Superfuckyounomics – how to cash in if your first book deal didn’t do it for you

I owe the term fuckyounomics to d-squared at Crooked Timber, who subtitled his imaginary pop-econ best-seller, “How Nobody In The World Knows Jack Shit Except Economists.” At that point, the allusion to Levitt and Dubner’s original best-seller should have been clear enough to anybody: even in 2008, Freakonomics was still all over the charts.

In 2009, Superfreakonomics appeared. The Olympic-class shark-jumping implicit in its subtitle (“Global cooling, patriotic prostitutes & why suicide bombers should buy life insurance”) pretty much ratified d-squared’s sneer, as far as I was concerned. Maybe I would be better off not reading either book? Maybe I should instead spend my econ-specific reading time on more serious figures in the field, on less mercenary scholars who might actually be trying to tell us something useful?

I took a pass.

But then a friend pressed the latter title on me recently. Well, OK. Could be fun, right? Probably harmless anyway. I vaguely recollected some controversy over the book’s treatment of global warming debate, and mentioned this to my friend. He earnestly assured me that the chapter addressing AGW was a must-read. Hmm.

I’d been looking forward to a little light reading, and had planned to read Superfreakonomics from beginning to end. But I made the mistake of turning to the Global Cooling chapter first.

Oh boy.

Right out of the gate, Levitt and Dubner treat an ephemeral nine-day-wonder piece of bad science reporting in Newsweek in the mid-70s as if it represented anything like the prevailing opinion of climatologists at the time. In 2006, fully three years before Superfreakonomics appeared, Newsweek issued a retraction of this story (31 years late; better late than never, I suppose.)  By way of apologia, a Newsweek editor wrote:

“How did NEWSWEEK—or for that matter, Time magazine, which also ran a story on the subject in the mid-1970s—get things so wrong? In fact, the story wasn’t “wrong” in the journalistic sense of “inaccurate.” Some scientists indeed thought the Earth might be cooling in the 1970s, and some laymen—even one as sophisticated and well-educated as Isaac Asimov—saw potentially dire implications for climate and food production.”

No soap, Newsweek.

Note the “all the kids were doing it” excuse that their main competitor had stooped to similar bad science reporting. (The same Time magazine occasionally runs cover stories with titles like “Is God Dead?“, “Was Marx Right?“, and even “Is the Unabomber Right?” These days, folks, that’s called linkbait.)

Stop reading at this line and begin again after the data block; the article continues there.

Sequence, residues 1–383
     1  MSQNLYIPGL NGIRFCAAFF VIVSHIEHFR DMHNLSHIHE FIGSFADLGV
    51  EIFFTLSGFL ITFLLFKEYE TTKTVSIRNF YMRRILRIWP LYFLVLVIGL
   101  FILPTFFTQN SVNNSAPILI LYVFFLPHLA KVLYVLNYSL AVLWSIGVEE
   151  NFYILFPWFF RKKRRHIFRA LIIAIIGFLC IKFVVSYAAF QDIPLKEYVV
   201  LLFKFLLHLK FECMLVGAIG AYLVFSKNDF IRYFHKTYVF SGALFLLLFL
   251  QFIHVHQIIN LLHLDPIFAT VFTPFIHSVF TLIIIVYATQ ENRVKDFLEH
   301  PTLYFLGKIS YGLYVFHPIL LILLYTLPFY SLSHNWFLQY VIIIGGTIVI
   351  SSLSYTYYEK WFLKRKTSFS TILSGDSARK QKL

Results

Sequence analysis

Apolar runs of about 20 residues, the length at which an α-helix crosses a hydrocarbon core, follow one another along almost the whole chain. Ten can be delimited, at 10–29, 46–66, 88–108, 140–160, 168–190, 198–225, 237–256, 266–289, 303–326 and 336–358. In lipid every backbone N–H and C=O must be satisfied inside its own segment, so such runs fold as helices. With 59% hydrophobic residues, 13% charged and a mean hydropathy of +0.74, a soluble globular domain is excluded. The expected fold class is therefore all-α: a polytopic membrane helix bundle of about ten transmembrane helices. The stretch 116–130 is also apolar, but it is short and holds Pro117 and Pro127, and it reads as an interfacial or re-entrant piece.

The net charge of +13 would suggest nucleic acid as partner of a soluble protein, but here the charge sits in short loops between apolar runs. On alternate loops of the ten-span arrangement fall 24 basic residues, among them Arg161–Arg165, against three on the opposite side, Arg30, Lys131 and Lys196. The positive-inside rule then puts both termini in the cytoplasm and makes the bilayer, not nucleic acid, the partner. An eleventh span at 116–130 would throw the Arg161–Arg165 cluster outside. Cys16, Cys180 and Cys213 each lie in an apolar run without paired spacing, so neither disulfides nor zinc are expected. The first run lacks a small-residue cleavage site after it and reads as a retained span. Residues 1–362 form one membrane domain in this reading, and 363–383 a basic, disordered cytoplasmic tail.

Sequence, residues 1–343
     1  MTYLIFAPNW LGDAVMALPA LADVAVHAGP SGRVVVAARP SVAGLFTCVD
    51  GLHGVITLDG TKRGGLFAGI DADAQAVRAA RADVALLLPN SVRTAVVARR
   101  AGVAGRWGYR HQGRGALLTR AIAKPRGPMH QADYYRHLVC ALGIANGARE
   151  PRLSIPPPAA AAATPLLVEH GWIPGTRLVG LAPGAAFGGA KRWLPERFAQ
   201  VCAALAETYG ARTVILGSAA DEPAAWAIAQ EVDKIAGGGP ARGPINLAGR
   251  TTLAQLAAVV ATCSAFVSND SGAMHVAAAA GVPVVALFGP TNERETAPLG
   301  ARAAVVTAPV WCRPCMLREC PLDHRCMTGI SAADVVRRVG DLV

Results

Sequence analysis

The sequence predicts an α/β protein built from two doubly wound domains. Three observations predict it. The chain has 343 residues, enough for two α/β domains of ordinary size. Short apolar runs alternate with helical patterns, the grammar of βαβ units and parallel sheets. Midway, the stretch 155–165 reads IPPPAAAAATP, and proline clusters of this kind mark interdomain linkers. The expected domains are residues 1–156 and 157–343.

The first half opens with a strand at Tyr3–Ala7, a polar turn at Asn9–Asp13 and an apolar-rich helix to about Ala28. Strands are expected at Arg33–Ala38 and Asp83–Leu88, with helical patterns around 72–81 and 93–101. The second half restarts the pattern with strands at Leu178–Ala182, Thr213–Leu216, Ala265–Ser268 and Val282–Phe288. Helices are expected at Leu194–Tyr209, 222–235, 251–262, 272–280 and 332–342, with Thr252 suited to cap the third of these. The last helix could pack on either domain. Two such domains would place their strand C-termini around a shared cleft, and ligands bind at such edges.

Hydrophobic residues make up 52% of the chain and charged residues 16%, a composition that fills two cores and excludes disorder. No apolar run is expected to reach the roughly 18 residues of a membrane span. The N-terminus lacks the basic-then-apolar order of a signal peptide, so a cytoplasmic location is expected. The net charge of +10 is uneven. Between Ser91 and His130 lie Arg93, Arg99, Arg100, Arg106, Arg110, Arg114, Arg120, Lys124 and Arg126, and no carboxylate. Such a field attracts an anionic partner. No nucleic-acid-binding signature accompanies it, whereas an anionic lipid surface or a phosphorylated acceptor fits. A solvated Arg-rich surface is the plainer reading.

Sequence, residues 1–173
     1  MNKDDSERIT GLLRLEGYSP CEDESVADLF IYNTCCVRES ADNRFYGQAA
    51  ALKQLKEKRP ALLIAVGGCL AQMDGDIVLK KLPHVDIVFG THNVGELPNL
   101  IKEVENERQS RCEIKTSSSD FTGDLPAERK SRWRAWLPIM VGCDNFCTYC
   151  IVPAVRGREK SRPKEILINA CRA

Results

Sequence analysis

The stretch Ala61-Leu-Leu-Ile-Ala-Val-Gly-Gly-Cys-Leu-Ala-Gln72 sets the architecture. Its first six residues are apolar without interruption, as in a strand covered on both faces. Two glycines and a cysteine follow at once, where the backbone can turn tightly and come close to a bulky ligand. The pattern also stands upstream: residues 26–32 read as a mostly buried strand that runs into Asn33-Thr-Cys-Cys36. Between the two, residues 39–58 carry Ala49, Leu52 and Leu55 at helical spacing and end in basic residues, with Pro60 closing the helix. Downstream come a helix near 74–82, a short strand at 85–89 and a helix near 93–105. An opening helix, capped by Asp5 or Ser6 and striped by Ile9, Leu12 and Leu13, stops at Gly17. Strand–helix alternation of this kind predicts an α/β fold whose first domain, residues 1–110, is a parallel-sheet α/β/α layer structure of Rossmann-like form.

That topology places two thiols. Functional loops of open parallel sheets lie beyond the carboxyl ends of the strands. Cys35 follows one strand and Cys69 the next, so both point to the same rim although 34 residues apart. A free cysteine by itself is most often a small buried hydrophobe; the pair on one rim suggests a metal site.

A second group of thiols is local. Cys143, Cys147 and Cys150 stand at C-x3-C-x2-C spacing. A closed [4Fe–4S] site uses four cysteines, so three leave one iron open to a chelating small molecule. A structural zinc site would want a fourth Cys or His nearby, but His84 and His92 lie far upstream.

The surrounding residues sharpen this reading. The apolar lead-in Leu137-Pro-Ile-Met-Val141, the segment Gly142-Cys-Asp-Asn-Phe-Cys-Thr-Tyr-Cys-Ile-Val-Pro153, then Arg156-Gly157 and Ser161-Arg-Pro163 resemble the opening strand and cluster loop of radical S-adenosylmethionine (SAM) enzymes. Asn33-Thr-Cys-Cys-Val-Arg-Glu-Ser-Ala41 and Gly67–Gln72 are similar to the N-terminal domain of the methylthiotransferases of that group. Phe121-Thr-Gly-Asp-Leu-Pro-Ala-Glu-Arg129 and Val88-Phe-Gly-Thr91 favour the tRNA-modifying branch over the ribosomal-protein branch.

“Even” Isaac Asimov got it wrong? What? And he got it wrong in the direction of what would have been the more exciting science fiction novel premise? And, uh, Asimov made his name in which genre, originally? (I still remember my great disappointment upon learning that Asimov changed his major in college because he couldn’t hack calculus. Which is really not that hard. He wasn’t exactly burnishing climatology credentials later in his career, as he cranked out his Guides — to the Bible, to Shakespeare, to … oh, I’m getting sad again.)

Conveniently left unmentioned by the not-quite-repentant Newsweek: the scientists who “thought the Earth might be cooling in the 1970s” had been talking in terms of tens of thousands of years. The idea that such a cooling trend would be any kind of threat to humanity in the foreseeable future was definitely not what they’d proposed. No, that was the breathless fabrication of some ambitious Newsweek hacks. Climate scientists of the time who studied near-term global climate change were at that point already pretty concerned about the implications of massive industrial-society GHG emissions. When they saw these magazine covers, they probably just frowned, growled “what is this popular-science crap” and went back to cranking out more FORTRAN code on punched cards.

OK, I grit my teeth. I do not give up so easily. Surely, the chapter would get better.

Oh boy.

Next up: Levitt and Dubner cite James Lovelock as if he were somehow today’s last word in climatology. Well, Peter Stott of the Hadley center has said that Lovelock was “too alarmist” in The Revenge of Gaia. (Most climatologists are also a little leery of the hypothesis for which Lovelock is most famous.) Lovelock was always a little out there, and recently, he admitted it. I start to wonder: are Levitt and Dubner ever going to quote an actual working climatologist’s statement as made in a peer-reviewed journal?

I press on. This is no fun. But winners never quit and quitters never–

Blam: “The world’s ruminants are responsible for about 50 percent more greenhouse gas than the entire transportation sector.”

I hang my head: I’m reading Factoids Uber Alles. This particular canard is an overstatement of a misstatement in a 2006 FAO report (“Livestock’s Long Shadow“) whose main author had long since backed down on the claim. Even the later defenders of the report, in trying to debunk the debunking of the FAO report, can only come up with about half of the FAO’s original figure, and even then, they could only do it in the case of the U.S. The U.S. livestock GHG emissions aren’t representative. The full-lifecycle carbon intensity of the livestock sector in the U.S. is higher than in most of the rest of the developed world, which in turn is higher than in the developing world.